Housing deficit among poorer and economically disadvantaged sections is huge and their environmental condition is worsening by the day. Public housing and rehabilitation agencies - Housing Board and Slum Clearance Board - are operating in an impersonal and sometimes inhuman manner, often stuck on ‘tokenism’. The private sector is uninterested in housing for the poor and low-income groups and rental housing for this segment is almost non-existent. With the urban land beyond the reach of the low-income, the non-affluent and non-privileged groups, the housing crisis is simmering.

There is nothing wrong in aspiring to become a ‘Global-city’. But first things first and that is ‘quality of life and livability’. This is where tax-payers money should go.

Last Updated on Tuesday, 01 September 2009 01:46

Zoo master plan amended

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The Hindu 27.08.2009

Zoo master plan amended

Staff Reporter

It has been forwarded to Central Zoo Authority for approval

TIRUCHI: The State Forest Department has amended the comprehensive master plan of Tiruchi zoological park that is to come up inside the sprawling Reserve Forest in M.R. Palayam, a few kilometres from the city, and forwarded the document to the Central Zoo Authority (CZA) for approval.

The amended plan contains certain additional features which the Forest Department has proposed to create in a portion of the area set aside for “future development” of the zoo which will come up in a total area of 63 hectares along the Tiruchi-Chennai national highway.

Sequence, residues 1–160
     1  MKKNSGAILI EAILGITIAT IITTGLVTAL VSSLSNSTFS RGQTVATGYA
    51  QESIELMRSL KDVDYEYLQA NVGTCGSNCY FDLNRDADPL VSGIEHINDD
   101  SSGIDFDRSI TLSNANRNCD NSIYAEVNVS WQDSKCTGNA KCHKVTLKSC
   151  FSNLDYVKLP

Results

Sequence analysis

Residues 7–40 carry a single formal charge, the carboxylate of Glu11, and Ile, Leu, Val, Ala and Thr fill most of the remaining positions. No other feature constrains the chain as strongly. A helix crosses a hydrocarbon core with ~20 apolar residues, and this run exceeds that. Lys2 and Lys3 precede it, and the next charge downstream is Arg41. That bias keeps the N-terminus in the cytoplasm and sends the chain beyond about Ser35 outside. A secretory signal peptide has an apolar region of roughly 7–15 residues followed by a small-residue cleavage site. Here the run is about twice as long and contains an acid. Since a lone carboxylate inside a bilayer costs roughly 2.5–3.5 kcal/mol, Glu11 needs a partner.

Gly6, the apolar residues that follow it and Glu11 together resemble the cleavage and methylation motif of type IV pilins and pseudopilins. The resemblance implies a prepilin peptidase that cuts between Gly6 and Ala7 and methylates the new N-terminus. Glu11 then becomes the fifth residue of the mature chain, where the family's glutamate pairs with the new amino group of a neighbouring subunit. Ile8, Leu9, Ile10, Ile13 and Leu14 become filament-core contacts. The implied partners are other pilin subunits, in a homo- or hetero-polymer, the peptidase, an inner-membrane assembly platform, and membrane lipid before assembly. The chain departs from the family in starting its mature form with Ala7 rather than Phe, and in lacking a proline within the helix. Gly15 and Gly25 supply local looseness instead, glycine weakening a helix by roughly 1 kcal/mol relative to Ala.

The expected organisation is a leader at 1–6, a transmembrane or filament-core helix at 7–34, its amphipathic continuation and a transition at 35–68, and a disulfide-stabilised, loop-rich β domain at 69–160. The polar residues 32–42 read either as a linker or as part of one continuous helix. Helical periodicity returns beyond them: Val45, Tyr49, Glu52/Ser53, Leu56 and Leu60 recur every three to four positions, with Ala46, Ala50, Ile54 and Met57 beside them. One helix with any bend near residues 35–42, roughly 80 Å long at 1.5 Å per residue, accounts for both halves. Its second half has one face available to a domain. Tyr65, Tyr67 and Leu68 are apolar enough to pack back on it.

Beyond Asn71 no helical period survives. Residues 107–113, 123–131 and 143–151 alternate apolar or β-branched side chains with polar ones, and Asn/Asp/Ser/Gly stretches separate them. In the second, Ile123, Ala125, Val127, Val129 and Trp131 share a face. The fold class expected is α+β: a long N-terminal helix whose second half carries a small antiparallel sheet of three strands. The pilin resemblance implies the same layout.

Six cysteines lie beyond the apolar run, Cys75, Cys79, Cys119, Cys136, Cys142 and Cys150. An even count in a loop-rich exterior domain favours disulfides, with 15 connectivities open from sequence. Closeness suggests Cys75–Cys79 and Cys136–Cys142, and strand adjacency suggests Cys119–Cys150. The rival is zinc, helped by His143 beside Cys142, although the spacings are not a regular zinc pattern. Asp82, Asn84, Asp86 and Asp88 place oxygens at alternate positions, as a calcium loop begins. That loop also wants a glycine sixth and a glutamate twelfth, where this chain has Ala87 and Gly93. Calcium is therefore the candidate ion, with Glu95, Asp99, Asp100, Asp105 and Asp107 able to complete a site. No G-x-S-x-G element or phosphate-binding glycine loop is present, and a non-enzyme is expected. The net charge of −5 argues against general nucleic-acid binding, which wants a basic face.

The original master plan sent a few months ago to the CZA had set aside 15 hectares for “future development” of the “medium zoo” which is to be set up with funds provided by the State government and the CZA.

The CZA, a statutory body under the Union Ministry of Environment and Forests, had sought from the State Forest Department the type of facilities it proposed to create in the area set aside for future development of the zoo.

Based on this, the Department incorporated additional features in the master plan and forwarded it to the CZA a few days ago along with the revised layout plan of the zoo through the Chief Wild Life Warden, Chennai.

Under the amended plan, the Department has proposed for establishment of a Nocturnal Animals House; boating facility; solid waste treatment plant; disaster management centre; captive breeding centre of locally endangered species and a veterinary research and forensic laboratory in the area earmarked for “future development” of the zoo, says Divisional Forest Officer, Social Forestry Division, Tiruchi Deepak Srivasthava who was entrusted with the task of preparing the master plan.

The full-fledged disaster management centre will take care of emergencies such as flooding, outbreak of fire, escape of wild animals and drought situation inside the zoo. Every enclosure inside the zoo is proposed to be fitted with emergency alarms and connected to the disaster management centre, says Mr. Srivasthava.

In addition to carrying out research activities, the veterinary research and forensic lab will also probe the cause of death of animals.

Over 500 animals

The zoo will house over 500 animals and birds of 39 species.

The waste treatment plant would treat all liquid and solid wastes generated in the zoo and recycled. The Department has proposed an expenditure of Rs. 3.6 crore for the creation of these additional facilities, he added.

A sum of nearly Rs. 65 crore has been proposed for setting up the zoo and its maintenance for five years. The CZA will provide 100 per cent funds for activities relating to animal housing, its upkeep and veterinary care.

Last Updated on Thursday, 27 August 2009 05:51